Both the existing guidance and the Draft Guidance state that a new 510(k) generally will be required for a change from prescription to over-the-counter use. Although the existing guidance states that a new 510(k) may not be required to provide home-use instructions for prescription devices whose use in the home is accepted medical practice in the United States, the Draft Guidance states that changes from professional use to home use are likely to change a device’s risk profile and require a new 510(k), due to environmental challenges (such as the presence of potential interference from other electronic devices, different levels of cleanliness, or shocks and vibration associated with patient travel or ambulatory use). This change is consistent with FDA’s current policies requiring new 510(k)s when a device’s labeling is expanded to include home use.
5. Changes in Components or Accessories
The Draft Guidance highlights that changes to components or accessories could significantly affect a device’s safety or effectiveness (e.g., the compatibility between a device and its components or accessories). These types of changes are not specifically addressed in the existing guidance, and, thus, this recommendation could result in increased 510(k) filings.
6. Changes in Sterilization, Cleaning, or Disinfection
The Draft Guidance, unlike the existing 1997 guidance, states that a change in the method of sterilization, cleaning, or disinfection could potentially affect a device’s performance or biocompatibility. For example, the Draft Guidance notes that a change to an ethylene oxide sterilization process could result in increased ethylene oxide residuals on the device surface and that a change in a cleaning process may incorporate chemicals that present device biocompatibility issues. The Draft Guidance also cites changes to how a device is provided (e.g., changes from sterile to nonsterile or from single-patient, single-use to multi-patient or multi-use) as an example that could significantly affect safety or effectiveness. By contrast, the existing guidance focuses only on whether there is a change in the sterility assurance level or a change in sterilization that affects the performance specifications. Thus, the Draft Guidance expands the types of sterilization, cleaning, and disinfection changes that could trigger a new 510(k).
7. Changes in Human Factors
Although the existing 1997 guidance addresses device user-interface issues, it issued prior to FDA’s enhanced focus on human factors in the review of 510(k)s and does not contemplate the full range of human factors that potentially could affect the safe and effective use of devices. The Draft Guidance recommends that, as part of their 510(k) decisionmaking, manufacturers consider the potential risks presented by changes in user workflow, the mode of presentation of information, and the way in which a device physically interacts with the user and/or patient. This change in the Draft Guidance could potentially expand the types of device modifications that require a new 510(k).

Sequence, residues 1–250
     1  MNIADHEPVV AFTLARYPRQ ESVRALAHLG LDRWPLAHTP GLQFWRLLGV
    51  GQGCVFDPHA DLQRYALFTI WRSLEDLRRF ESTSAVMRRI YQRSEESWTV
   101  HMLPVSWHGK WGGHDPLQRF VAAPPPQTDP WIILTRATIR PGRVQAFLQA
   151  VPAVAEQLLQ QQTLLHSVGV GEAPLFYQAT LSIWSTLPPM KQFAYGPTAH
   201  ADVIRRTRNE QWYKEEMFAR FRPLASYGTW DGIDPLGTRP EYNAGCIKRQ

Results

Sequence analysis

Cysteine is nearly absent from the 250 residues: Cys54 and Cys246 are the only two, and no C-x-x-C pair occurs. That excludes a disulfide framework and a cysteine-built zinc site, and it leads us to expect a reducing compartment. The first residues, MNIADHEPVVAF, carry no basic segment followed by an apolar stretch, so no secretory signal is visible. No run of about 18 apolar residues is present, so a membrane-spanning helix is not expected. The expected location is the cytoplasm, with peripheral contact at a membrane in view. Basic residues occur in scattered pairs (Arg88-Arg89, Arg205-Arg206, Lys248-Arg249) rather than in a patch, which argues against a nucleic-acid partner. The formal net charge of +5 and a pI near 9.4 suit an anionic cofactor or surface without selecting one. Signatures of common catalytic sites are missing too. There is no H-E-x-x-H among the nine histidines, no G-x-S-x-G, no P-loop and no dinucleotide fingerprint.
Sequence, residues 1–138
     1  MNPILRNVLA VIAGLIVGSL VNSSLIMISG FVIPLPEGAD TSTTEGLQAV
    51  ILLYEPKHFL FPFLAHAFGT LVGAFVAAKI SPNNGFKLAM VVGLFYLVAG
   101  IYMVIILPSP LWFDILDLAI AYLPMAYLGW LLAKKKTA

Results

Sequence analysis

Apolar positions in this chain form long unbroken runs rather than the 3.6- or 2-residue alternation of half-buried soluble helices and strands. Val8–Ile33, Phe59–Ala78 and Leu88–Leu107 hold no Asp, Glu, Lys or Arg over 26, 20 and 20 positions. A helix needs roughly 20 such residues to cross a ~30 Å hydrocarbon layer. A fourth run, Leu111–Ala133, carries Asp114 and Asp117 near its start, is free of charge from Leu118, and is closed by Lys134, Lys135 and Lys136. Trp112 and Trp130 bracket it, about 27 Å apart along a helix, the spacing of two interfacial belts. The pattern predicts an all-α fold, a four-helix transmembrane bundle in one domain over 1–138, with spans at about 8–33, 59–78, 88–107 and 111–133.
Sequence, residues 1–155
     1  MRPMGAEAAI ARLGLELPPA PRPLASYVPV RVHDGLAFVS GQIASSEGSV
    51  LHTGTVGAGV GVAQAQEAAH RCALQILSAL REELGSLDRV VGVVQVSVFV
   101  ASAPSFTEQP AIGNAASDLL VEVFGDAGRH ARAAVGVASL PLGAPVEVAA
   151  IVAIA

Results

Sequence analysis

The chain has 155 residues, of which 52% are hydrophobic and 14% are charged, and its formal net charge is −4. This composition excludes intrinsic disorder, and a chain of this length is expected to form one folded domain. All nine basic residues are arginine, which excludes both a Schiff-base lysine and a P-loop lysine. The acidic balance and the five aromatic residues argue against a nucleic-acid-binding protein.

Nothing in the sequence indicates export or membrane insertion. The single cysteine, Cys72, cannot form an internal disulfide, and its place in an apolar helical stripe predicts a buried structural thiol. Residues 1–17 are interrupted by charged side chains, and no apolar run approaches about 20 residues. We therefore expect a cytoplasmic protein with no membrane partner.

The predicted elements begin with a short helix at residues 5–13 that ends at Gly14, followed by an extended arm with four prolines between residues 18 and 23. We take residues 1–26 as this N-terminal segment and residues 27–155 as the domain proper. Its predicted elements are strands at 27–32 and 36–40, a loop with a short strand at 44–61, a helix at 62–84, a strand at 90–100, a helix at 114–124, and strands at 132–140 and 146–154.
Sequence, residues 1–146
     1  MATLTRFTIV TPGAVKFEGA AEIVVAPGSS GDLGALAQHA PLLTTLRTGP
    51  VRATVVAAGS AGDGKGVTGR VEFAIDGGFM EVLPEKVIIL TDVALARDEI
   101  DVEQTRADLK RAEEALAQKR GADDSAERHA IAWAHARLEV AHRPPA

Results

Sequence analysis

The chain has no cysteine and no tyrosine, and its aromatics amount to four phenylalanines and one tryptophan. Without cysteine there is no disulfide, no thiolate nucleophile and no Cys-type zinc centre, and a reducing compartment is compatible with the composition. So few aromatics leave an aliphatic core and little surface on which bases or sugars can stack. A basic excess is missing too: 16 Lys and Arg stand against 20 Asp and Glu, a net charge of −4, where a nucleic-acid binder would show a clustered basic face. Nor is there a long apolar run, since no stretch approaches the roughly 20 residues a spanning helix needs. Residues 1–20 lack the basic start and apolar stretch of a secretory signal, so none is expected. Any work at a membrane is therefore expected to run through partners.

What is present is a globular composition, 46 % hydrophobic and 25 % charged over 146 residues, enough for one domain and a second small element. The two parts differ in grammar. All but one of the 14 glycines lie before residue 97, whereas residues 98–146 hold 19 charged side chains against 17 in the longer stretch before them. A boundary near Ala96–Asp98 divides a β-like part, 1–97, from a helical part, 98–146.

8. Expanded IVD Flowchart
The existing 1997 guidance includes a flowchart for materials changes for in vitro diagnostic (IVD) devices. The new Draft Guidance, however, expands the scope of the IVD flowchart to include technology, engineering, and performance changes (as well as materials changes) and includes additional discussion of IVD-specific examples. This expansion appears to reflect FDA’s recognition that IVDs have unique technological issues and may also signal an attempt by FDA to prepare for the increased regulatory issues presented by IVDs should FDA finalize its proposed framework to actively regulate laboratory developed tests.
9. Manufacturing Changes
One of the main criticisms of the withdrawn 2011 draft guidance was that it included a specific discussion of manufacturing changes. Industry stakeholders believed that this section would lead to a significant increase in the number of 510(k)s required for device modifications. The current Draft Guidance does not specifically discuss manufacturing changes but advises manufacturers to consider the impact of such changes on the device labeling, technology/performance, and materials.
10. Documentation of “no-510(k)” Decisions
Appendix B of the Draft Guidance discusses what constitutes sufficient documentation of decisions not to submit a new 510(k), which is not addressed in the existing guidance. Specifically, the Draft Guidance states that only highlighting the flowcharts in the guidance, or simply answering “yes” or “no” to each question without providing any details or justification—documentation practices followed by a number of companies—is not sufficient documentation. FDA recommends that robust justification be provided for “no-510(k)” decisions and, although it recognizes that some changes will be simple and may not require detailed documentation, the Agency recommends that certain elements be included even for simple changes. FDA provides examples of approaches to documentation in Appendix B.
Comments to the Draft Guidance are due by November 7. On August 25, FDA held a webinar on the Draft Guidance and another draft guidance: Deciding When to Submit a 510(k) for a Software Change to an Existing Device. The slide presentations and transcripts are available on FDA’s website.
 US Food & Drug Admin., Draft Guidance: Deciding When to Submit a 510(k) for a Change to an Existing Device (Aug. 8, 2016), at 47, no. 18.